There are 18 Romanian Cultural Institutes around the world and on Friday 19th February, from London to Paris to Berlin, all simultaneously celebrated the birthday of one of Romania’s national heroes– Constantin Brâncuși.
Born in 1876, Brâncuși was a sculptor who displayed almost unparalleled virtuosity in the way he controlled and reduced forms: eventually liberating himself from the confines of slavish representation, he explored in three dimensions the eternal themes of birth, life and death. In his hands materials seemed to live as potent entities that communicated something greater than ourselves. Today, his work’s highly regarded internationally and is part of the canon of modern twentieth century art.
At the RCI’s sumptuous offices in London’s Romanian Embassy, Brâncuși’s legacy was celebrated in an evening of discussion and talks by some of the UK’s leading Brâncuși scholars – together with a screening of Bruno Wollheim’s BBC documentary on the sculptor. While ostensibly it was an informal evening, this didn’t mean the discussion was lightweight. Far from it, in fact – some rich scholarship on Brâncuși’s links with the UK was presented by Jonathan Vernon, who talked about the sculptor’s relationships with, among others, Barbara Hepworth and Henry Moore.
Over two decades ago – and still in the shadow of communism – the BBC produced a series of arts programmes – Artists’ Journeys – that paired a living artist with a dead one – the idea being that the living artist would talk about how their dead hero or heroine had influenced their work and would explore their legacy. Bruno Wollheim, the series producer, recounted how he invited sculptor Tony Cragg to choose an artist: Cragg’s choice being Brâncuși. Together they travelled to Brâncuși’s birth place in Romania and traced the artist’s life in broad brushstrokes – his years in Paris in the crucible of modern art (his closest friends are a roll-call of seminal figures including Man Ray and Duchamp), time in New York and his brief returns to his homeland. Wollheim mentioned the difficulties trying to source a crane in Târgu Jiu so as to get a shot of the Endless Column from above – the best-known public sculpture in Romania, dedicated to young men and women who fought in the first world war. Despite these challenges Wollheim said the bird’s-eye views of the Endless Column were one of the things he was proudest of in the film.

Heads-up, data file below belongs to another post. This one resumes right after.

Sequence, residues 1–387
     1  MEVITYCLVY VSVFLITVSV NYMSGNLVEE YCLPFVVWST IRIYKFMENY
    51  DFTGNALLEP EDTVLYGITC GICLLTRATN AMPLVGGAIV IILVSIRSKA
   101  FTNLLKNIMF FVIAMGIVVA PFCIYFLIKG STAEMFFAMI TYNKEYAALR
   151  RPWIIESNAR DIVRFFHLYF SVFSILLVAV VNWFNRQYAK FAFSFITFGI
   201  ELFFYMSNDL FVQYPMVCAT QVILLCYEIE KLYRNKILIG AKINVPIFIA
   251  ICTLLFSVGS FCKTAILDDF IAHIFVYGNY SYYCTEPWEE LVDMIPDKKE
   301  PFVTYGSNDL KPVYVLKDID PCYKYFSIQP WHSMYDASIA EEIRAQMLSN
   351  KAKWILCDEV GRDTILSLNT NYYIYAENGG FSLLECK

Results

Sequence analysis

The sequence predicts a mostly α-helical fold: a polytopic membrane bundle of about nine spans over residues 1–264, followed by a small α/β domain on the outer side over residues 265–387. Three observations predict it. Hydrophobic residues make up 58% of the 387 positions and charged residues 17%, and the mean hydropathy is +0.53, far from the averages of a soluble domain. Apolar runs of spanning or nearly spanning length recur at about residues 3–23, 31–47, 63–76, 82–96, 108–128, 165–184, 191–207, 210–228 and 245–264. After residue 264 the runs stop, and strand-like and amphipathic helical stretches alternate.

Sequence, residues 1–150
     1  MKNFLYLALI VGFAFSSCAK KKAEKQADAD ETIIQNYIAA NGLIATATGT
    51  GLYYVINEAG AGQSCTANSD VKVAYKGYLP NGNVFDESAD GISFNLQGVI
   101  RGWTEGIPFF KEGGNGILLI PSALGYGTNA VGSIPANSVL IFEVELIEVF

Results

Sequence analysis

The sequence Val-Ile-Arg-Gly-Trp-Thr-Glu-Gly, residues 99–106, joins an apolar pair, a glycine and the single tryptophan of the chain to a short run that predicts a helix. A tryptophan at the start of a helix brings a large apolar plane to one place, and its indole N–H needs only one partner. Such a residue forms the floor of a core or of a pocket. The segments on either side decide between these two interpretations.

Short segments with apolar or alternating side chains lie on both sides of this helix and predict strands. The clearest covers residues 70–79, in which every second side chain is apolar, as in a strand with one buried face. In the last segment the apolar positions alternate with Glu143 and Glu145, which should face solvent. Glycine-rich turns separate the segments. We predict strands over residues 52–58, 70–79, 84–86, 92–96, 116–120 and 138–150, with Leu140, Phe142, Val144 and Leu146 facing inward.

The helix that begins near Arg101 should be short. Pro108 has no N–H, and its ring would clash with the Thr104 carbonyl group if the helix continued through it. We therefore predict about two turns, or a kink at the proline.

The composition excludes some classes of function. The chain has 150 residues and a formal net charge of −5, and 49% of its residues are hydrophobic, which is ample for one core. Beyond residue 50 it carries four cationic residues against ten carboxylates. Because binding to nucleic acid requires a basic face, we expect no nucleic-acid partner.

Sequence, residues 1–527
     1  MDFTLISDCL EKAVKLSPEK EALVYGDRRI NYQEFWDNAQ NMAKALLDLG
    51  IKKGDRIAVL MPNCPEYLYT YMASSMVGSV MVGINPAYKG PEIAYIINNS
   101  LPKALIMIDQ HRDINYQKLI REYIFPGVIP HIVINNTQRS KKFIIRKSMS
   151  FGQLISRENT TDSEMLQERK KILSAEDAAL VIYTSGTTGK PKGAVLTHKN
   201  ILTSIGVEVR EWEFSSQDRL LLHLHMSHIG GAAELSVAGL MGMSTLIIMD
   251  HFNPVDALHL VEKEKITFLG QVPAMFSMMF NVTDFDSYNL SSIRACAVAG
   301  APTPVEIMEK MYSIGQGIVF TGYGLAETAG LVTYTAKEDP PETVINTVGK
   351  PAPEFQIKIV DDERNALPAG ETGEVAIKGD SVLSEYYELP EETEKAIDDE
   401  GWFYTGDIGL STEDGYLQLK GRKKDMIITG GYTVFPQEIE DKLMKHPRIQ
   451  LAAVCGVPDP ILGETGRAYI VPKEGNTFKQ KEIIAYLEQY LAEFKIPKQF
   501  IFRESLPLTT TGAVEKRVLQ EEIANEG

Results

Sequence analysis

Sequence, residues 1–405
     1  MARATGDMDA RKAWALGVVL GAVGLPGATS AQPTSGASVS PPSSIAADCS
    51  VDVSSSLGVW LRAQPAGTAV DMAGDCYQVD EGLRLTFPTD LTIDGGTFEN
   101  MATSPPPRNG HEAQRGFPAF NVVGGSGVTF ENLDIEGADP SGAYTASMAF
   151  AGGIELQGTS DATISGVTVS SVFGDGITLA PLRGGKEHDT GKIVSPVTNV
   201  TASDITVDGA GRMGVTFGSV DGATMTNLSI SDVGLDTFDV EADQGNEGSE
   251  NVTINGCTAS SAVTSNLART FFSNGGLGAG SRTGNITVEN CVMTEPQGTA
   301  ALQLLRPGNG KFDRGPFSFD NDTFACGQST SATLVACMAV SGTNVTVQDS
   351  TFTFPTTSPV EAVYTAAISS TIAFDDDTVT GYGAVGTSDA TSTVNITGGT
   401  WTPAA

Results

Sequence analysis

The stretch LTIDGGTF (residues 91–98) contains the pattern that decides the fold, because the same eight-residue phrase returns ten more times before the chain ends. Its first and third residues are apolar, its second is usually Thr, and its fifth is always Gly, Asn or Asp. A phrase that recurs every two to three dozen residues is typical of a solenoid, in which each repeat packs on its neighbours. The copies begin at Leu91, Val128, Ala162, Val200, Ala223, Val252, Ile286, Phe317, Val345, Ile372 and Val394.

Eric Shanes gave an irreverent talk about Brâncuși and kitsch – arguing that the sculptor’s forms are anything but. Brâncuși, Shanes argued, was profoundly rooted in an academic tradition and studied from life for years in Bucharest: his work is emphatically not about abstraction – Brâncuși himself is on record as having said ‘only fools call my sculptures “abstract’’’. For Shane, Brâncuși was trying to fashion Platonic forms, which transcended our lowly, mundane terrestrial existence.
It was obvious from the evening that Brâncuși is a cherished and important cultural figure about whom there’s a lot to say – too much as it turned out: the event was scheduled to run from 7 to 9pm but the penultimate speaker didn’t finish until 9:30, meaning a swathe of the audience got up and left before the end. Such an ambitious programme would, one might suggest, have been better achieved in a half-day event.
Brâncuși’s works can be found at London’s Tate Modern (four pieces, 1911-1926). Brâncuși: The British Connection was part of the ongoing programme of cultural events at the Romanian Cultural Institute, London.